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Ukrainian Troops' Departure From Crimea Isn't A Simple Matter

A Russian flag flies behind him Thursday as a Ukrainian soldier leaves what was one of his military's bases outside Simferopol, on the Crimean Peninsula. Local "self-defense forces," followed by Russian troops, have seized many strategic locations.
Yuri Kochetkov
A Russian flag flies behind him Thursday as a Ukrainian soldier leaves what was one of his military's bases outside Simferopol, on the Crimean Peninsula. Local "self-defense forces," followed by Russian troops, have seized many strategic locations.

Ukraine's plans to withdraw its troops from Crimea, which as we reported were announced Wednesday, have apparently been complicated by the issue of whether they will be allowed to take their weapons and other equipment with them.

NPR's Gregory Warner reports from the Crimean capital of Simferopol that the 25,000 or so Ukrainian troops in the region had not been given orders to leave by their commanders as of midafternoon local time on Thursday. Ukrainian authorities want their troops to bring their weapons, vehicles and other equipment with them. But the Crimean local defense forces and Russian commanders on the ground are reportedly raising objections.

Meanwhile, there's word from The Moscow Times that "a Ukrainian officer, detained after pro-Russian forces stormed a naval base in Crimea, was released Thursday after Russia asked the regional authorities to let him go."

Ukraine, as Bloomberg News reports, "plans to reinforce its eastern border with Russia and withdraw troops from Crimea, ceding control of the Black Sea peninsula as tensions remained high over Russian moves to annex the breakaway region."

Update at 6:30 p.m. ET. Ukrainian Ships Seized

Warner reports that Russia on Thursday seized three Ukrainian warships in Sevastopol, "reportedly using stun grenades in one incident."

Russian forces and pro-Russian Crimean militias also took over military bases, a hospital and a candy store, he says, "all mostly without violence," he says.

"But, as the number of armed groups in Crimea multiply, including paramilitary self-defense forces answerable to no clear authority, Crimeans entered a legal grey zone. [They are] no longer protected by Ukranian law, with limited functioning police or courts," he says.

Update at 9 a.m. ET. Some Movement?

Reuters reports that "Ukrainian border guards in Crimea, which is under the control of Russia's military, have started redeploying to regions on the mainland, a senior official said on Thursday."

"We have started the gradual redeployment of our servicemen to the territory of Kherson and Mikolayiv regions," Pavlo Shysholin, deputy head of the state border guard service, told a news conference. Reuters adds that "Shysholin also said about 1,000 civilians had so far left the peninsula."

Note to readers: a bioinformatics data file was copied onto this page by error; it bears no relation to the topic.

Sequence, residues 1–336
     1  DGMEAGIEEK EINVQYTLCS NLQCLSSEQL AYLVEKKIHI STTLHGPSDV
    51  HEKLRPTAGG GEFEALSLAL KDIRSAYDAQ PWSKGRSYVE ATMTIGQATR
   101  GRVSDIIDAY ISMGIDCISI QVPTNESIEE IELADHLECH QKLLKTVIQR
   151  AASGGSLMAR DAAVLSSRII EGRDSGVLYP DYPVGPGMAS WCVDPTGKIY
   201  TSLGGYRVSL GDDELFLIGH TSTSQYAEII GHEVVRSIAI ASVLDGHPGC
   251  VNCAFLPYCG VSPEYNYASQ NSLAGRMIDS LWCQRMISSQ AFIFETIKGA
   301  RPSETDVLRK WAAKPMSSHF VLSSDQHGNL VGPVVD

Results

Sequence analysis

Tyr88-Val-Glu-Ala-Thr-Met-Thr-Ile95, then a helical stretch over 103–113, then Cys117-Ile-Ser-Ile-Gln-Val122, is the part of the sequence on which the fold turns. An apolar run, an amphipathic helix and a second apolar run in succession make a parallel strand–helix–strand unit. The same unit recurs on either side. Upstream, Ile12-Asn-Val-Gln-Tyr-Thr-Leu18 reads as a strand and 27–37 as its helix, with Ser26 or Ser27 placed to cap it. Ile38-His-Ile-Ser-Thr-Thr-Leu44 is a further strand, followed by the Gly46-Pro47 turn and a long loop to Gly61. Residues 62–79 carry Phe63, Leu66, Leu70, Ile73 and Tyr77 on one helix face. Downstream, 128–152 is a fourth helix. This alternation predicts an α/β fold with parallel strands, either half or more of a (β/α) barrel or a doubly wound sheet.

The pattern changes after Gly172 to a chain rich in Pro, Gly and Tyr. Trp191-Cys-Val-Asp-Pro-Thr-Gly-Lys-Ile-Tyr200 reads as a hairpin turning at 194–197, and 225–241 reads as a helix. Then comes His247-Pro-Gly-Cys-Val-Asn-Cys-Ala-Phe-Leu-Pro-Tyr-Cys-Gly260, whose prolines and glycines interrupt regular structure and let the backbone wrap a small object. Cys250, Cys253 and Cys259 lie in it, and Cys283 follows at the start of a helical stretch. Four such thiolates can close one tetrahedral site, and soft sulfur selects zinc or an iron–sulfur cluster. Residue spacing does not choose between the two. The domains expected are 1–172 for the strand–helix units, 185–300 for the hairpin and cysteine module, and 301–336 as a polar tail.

As the crisis in Ukraine has developed over recent weeks, we've tracked developments. Here's a recap:

Crimea has been the focus of attention as the ripple effects of the protests that led to last month's ouster of Ukrainian President Viktor Yanukovych have spread.

Summing up the history and importance of Crimea to Russia and Ukraine isn't possible in just a few sentences, of course. The Parallels blog, though, has published several posts that contain considerable context:

-- Crimea: 3 Things To Know About Ukraine's Latest Hot Spot

-- Crimea: A Gift To Ukraine Becomes A Political Flash Point

-- Why Ukraine Is Such A Big Deal For Russia

Shortly after Yanukovych was deposed and fled Ukraine, Russia moved to take control of Crimea by sending thousands of troops there to secure strategic locations. Along with "local defense forces," those soldiers surrounded Ukrainian military facilities.

This week, after Crimeans voted to join the Russian Federation, Russian President Vladimir Putin signed a treaty to annex the region. The U.S. and European Union have objected, calling that action a violation of international law. Putin says he is supporting Crimeans' right to "self-determination."

We've recapped what set off months of protest in Kiev and ultimately led to Yanukovych's dismissal by his nation's parliament last month this way:

"The protests were sparked in part by the president's rejection of a pending trade treaty with the European Union and his embrace of more aid from Russia. Protesters were also drawn into the streets to demonstrate against government corruption."

It was after Yanukovych left Kiev and headed for the Russian border that troops moved to take control of strategic locations in Crimea.

Copyright 2020 NPR. To see more, visit https://www.npr.org.

Mark Memmott is NPR's supervising senior editor for Standards & Practices. In that role, he's a resource for NPR's journalists – helping them raise the right questions as they do their work and uphold the organization's standards.
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